Bolithio, you get paid for clearcutting. Your views are like those of a card carrying member of the Ku Klux Klan vying for stake in determining the rights of african americans.

  55. Bolithio
    April 6, 2012 at 2:47 pm

    Heraldo, really? Your running a tight ship around here!

  56. Anonymous
    April 6, 2012 at 2:49 pm

    What do you get paid, Bolithio? How many clearcuts this year?

  57. Dave Kirby
    April 6, 2012 at 8:08 pm

    Judge Alsup needs to get his judicial ass up here and look at what he is ruling on. Another dopey politico weighing in on something he knows nothing about. Redwoods are perhaps the most resilient flora in the world. It pisses me off that an effective environmental like EPIC is in a dog and pony show .

  58. William Verick
    April 6, 2012 at 10:21 pm

    It’s so strange. The people who don’t like the ruling say it went their way. The people who lost say they won. WTF?

    It looks to me like the “without prejudice” part means that, “we’re not even going to discuss all of EPIC’s other arguments until CalTrans fixes its most obvious screw ups.” Once Caltrans decides how to fix that and does so, then we get back to the rest of the case, which isn’t necessarily all that great for Caltrans either.

    Sounds like a resounding Caltrans victory to me.

  59. Eurekite
    April 7, 2012 at 9:38 am

    Please note a bigger revelation regarding the maps: CalTrans put out bullshit maps intentionally. Why would they do this? One reason you might speculate is laziness in the hopes that they could ram the project through and save a little time on the tree measuring, etc. That said, CalTrans is not a stupid or incompetent agency, akin to the Eureka City Council or something. CalTrans could just as easily have conducted a proper evaluation – I’d bet they actually did.

    When CalTrans did a proper evaluation they saw a problem so they fudged it. If the Judge orders them to go back and do it right the results are likely to not be in their favor. Avoiding a proper map is likely a strategy for CalTrans rather than a bumbling error.

    This is a big win for those of us who don’t see any public benefit to this project.

  60. Big picture
    April 7, 2012 at 11:15 am

    Bolithio asked: A thoroughfare to where?

    Ask CalTrans. They are the ones claiming that the project is necessary. They are the ones who should have to justify it. Is it really necessary to spend Millions of dollars if there will, as Bolithio claims, be so few STAA trucks using 101?

    Here is what CalTrans says about 101. Sounds like they consider it the most important thoroughfare:

    US Route 101 is the North Coast’s most important transportation corridor.
    This project will remove the last restriction that prohibits these trucks on Route 101 in Northern California.

    Bolithio claims: There are probably a dozen tight turns – that could never be fixed before you even get to the OR border!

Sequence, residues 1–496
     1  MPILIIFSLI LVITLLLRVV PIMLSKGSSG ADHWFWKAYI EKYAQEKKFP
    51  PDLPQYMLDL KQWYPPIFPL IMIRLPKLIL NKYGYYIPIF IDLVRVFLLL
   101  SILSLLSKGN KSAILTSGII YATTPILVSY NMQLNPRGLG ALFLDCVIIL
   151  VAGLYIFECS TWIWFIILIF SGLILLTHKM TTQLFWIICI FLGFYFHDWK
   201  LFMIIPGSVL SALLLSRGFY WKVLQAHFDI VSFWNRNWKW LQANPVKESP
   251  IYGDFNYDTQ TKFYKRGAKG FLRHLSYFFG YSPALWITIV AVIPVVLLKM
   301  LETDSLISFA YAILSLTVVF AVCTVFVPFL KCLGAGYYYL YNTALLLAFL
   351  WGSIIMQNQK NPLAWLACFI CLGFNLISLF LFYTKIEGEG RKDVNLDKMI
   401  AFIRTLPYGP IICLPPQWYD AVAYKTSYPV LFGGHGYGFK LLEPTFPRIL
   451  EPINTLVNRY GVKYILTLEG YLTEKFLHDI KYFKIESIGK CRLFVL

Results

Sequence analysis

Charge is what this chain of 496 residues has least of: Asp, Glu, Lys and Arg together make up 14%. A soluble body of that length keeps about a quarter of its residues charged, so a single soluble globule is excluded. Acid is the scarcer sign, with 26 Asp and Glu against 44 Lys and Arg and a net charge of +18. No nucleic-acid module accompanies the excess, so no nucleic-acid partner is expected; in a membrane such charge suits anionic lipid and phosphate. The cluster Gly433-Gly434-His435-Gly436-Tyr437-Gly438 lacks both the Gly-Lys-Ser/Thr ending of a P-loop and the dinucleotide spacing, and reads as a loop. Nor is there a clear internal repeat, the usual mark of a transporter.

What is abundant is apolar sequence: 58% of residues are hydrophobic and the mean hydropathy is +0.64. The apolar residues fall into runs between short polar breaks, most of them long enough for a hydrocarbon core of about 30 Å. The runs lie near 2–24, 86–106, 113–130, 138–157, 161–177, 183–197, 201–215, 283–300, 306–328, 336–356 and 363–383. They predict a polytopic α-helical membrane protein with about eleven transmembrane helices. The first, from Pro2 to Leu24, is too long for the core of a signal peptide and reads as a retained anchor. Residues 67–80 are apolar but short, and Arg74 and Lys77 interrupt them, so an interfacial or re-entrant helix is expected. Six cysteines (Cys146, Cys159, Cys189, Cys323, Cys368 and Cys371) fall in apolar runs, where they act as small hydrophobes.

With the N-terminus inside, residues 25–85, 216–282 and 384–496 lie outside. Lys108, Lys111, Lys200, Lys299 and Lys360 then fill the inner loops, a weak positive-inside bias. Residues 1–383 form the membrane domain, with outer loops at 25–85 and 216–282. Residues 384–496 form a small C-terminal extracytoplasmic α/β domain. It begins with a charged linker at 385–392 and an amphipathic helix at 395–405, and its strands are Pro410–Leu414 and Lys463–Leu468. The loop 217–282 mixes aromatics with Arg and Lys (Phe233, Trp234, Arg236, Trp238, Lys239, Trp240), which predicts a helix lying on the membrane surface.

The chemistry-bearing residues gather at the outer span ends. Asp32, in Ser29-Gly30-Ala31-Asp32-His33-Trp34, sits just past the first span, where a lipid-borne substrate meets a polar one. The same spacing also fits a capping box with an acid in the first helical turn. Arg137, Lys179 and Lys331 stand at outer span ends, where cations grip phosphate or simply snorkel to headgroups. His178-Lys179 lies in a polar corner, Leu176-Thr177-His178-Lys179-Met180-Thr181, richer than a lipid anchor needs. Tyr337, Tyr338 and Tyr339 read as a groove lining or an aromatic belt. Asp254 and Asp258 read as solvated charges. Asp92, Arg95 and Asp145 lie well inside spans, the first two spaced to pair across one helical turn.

This CalTrans notice refutes that:

    NEW STAA DESIGNATION ON ROUTE 101: Eureka may now be accessed by STAA vehicles travelling SOUTHBOUND from the Oregon border. STAA vehicles may continue on 101 south of Crescent City to the vicinity of Benbow Dr. in southern Humboldt County.

  61. Misty
    April 7, 2012 at 7:32 pm

    Great article, the Times-Sub Standard has not printed, as far as I can see. The Times only likes to print the lies of Caltrans, via Donna Tam, or so it seems. This is a huge step forward, as Judge William Alsup actually did his homework, unlike some other Judges who rule without reading the facts. Take that Supreme Court Judge who didn’t think he needs to read the Health Care Plan before ruling. OMG.

    When Caltrans finally tells the truth, the people will finally understand this is not some little nip and tuck proposed plan. This proposed plan would cause harm that can not be repaired. Northern Spotted Owls nest in old growth and what people don’t realize is most of Richardson Grove is 2nd growth except this area where Caltrans wants to log and cut roots, and they have admitted they will not know how large the roots are until they started cutting.

    Do you think Caltrans is going to say, OMG a root larger than 2 inches;;;;;stop the project;;;;shut it down;;;??? That would be a resounding NO. Their maps are not accurate, because they are trying to lie to the public. This is no mistake, in my opinion. Lies Lies Lies!!!

    Many places along 101 from Eureka to the Oregon boarder are impossible to widen for these larger STAA trucks, that will only do damage to our highways and increase congestion. More jobs would be lost in smaller trucking firms, and I suppose their jobs are not important to the pushers of this. More trucks would come through as there is a chain requirement on I-5 *** See Redwood Times opinion from a trucker.